One of the surprising things over the last 10-15 years is that, in spite of a fast paced economy, inflation was never a problem. Consumers were spending like sailors on shore leave and all were buying their dream home. We should have seen demand driven inflation but we did not. This would suggest that in today’s world inflation is the result of “cost push,” and not “demand pull.” In other words inflation now is caused by increases in the cost of labor, materials, transportation and the other elements involved in getting the product or service to the market. Evidence of this was that the runaway increase in the cost of oil last year did push inflation up a bit. But by and large we have been thankfully spared this problem. Even now with massive injections of Federal funds into the economy via the TARP and the stimulus plan, we see almost no inflation.

I submit that perhaps the real cause of inflation is the cost of credit. You may be surprised to know that unemployment was even higher in 1981 than it is today. But unlike now, unemployment then was accompanied by high inflation. To combat inflation then Federal Reserve Bank Chairman Paul Volcker raised the Fed’s rate to the point that we had double digit interest rates for loans. When the economy was on the verge of expiring in 1982, Volcker finally dropped the Fed rate in November of that year and recovery began. I suggested then that perhaps the real reason for inflation was the cost of borrowing, rather than the pull of demand or the push of other costs.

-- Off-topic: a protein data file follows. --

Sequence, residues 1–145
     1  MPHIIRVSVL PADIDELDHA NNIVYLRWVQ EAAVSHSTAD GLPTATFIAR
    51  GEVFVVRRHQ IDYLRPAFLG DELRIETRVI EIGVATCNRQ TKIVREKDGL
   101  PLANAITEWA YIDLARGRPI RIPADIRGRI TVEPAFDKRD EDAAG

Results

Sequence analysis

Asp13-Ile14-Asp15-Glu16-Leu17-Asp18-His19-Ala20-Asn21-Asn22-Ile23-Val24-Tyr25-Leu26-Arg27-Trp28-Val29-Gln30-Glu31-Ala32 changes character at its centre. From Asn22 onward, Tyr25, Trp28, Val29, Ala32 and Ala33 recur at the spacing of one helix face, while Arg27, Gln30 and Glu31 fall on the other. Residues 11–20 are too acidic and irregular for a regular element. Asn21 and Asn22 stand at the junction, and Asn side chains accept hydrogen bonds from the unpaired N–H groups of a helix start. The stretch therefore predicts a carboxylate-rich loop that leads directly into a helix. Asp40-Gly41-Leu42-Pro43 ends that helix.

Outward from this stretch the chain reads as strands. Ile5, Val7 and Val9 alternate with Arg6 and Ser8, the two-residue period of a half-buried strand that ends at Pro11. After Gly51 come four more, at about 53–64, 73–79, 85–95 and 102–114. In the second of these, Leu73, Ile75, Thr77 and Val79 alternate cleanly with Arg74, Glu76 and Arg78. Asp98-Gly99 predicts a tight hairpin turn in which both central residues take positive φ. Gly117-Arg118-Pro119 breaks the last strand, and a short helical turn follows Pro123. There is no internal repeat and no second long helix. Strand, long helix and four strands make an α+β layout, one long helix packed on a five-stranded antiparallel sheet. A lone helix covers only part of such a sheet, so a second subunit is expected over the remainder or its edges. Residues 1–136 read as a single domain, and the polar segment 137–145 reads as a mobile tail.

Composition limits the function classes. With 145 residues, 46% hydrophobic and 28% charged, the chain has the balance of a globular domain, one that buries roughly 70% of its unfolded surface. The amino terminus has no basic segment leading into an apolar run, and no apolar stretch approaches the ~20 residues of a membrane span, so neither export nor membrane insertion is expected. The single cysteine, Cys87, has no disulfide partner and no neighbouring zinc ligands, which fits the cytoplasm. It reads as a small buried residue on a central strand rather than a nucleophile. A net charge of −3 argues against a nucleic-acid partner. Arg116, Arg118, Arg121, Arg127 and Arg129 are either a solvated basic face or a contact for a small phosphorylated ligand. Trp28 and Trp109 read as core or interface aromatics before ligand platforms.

Fast forward to today. Again, we have had high rates of growth in demand over the last decade or so, but little inflation. That high rate of growth in demand has been fed by relatively cheap credit. I am once more intrigued by the relationship of the cost of credit to inflation. This time low credit cost is present while inflation is low, in contrast to the high cost of credit being present during the high inflation of 1980.

Regardless of my academic interest in this relationship, and perhaps a necessary revisision of our understanding of inflation, the low inflation rate now is allowing the present Fed Chairman Ben Bernanke to keep the cost of credit low. However, it will be interesting to see if inflation responds more to the hoped for resurgence in consumer demand, or the expected future increases in credit cost.